Damage limitation rather than Brexit blame game should be the priority now
If Theresa May really does want to avoid lorry checks at the Irish border, Dover et al, it is high time she ended the complacency, writes Colm McCarthy
For the last two weeks, the UK government's bandwidth has been absorbed fully in the spat with Russia over the poisoning of two people in Salisbury. But the meeting this Thursday and Friday of the European Council, as soon as Theresa May has departed, must decide on rather more consequential matters: whether to adopt the Commission's draft of the withdrawal agreement and how to respond to the UK's request for a transition period post-Brexit. The UK has offered no alternative draft but has raised various objections to the Commission's proposals.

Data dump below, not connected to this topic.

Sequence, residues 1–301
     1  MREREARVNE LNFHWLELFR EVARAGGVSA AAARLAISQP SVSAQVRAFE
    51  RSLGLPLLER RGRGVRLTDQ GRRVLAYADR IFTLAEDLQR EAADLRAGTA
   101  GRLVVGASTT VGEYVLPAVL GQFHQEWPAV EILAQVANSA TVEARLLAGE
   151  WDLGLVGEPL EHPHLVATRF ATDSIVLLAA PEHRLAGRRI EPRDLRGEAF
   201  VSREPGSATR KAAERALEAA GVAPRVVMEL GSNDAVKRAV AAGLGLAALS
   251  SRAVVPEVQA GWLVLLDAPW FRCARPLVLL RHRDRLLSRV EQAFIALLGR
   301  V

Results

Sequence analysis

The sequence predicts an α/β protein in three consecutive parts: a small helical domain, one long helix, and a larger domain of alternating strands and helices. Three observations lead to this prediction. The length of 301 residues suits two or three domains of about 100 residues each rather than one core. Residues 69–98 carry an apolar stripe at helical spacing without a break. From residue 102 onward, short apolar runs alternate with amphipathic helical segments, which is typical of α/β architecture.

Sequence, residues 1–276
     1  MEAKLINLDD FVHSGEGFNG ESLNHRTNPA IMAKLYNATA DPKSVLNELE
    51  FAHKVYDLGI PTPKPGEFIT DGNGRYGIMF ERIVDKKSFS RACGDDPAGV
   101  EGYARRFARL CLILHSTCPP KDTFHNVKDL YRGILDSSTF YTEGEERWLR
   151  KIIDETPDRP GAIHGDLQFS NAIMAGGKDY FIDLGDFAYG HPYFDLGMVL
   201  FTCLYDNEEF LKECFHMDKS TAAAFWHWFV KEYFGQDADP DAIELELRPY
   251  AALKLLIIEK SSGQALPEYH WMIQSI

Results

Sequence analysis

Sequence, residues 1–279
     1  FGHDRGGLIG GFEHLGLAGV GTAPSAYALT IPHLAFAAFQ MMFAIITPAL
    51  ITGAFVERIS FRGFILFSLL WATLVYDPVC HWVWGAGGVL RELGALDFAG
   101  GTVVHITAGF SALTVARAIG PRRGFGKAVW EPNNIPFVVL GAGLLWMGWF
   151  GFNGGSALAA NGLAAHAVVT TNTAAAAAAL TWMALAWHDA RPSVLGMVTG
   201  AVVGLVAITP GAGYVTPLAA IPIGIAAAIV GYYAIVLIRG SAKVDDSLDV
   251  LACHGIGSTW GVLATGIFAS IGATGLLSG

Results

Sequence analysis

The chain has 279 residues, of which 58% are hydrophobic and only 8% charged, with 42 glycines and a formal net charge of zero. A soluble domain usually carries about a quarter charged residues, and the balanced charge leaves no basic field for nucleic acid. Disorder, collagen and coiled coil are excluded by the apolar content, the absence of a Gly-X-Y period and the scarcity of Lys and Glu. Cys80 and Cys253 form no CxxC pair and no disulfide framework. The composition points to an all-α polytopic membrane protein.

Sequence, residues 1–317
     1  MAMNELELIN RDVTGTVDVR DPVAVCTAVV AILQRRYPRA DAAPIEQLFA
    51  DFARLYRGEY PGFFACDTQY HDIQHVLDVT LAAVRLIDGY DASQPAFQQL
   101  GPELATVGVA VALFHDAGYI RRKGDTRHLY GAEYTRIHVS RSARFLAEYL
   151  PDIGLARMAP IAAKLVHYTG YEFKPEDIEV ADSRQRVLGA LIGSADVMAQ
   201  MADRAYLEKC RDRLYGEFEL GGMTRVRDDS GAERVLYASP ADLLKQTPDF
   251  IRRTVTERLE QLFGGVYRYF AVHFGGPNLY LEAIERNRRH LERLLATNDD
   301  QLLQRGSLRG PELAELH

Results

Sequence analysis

The Commission's chief negotiator, Michel Barnier, has warned that the offer of a transition period is conditional on settling the withdrawal terms, supposedly agreed in outline last December. Council president Donald Tusk has highlighted the primacy of agreement on keeping the Irish border open. No substantive negotiations appear to have taken place in recent weeks and the parties are still in conflict on the Irish border question. The UK side continues to place its faith in unspecified technological solutions, even though it intends that the UK, including Northern Ireland, will be outside both the customs union and the single market.
Last Friday the cross-party House of Commons committee on Northern Ireland offered the following conclusion on the feasibility of the UK's preferred, but yet-to-be-revealed, solution: